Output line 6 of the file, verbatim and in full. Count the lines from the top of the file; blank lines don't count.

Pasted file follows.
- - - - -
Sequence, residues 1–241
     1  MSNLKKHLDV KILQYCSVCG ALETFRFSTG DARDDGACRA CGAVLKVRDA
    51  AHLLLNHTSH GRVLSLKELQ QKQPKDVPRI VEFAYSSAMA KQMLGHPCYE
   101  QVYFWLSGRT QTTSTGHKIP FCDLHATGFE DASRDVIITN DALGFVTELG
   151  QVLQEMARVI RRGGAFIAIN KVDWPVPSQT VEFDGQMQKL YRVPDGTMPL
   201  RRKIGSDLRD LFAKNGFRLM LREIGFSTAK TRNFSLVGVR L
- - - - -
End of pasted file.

   201  RRKIGSDLRD LFAKNGFRLM LREIGFSTAK TRNFSLVGVR L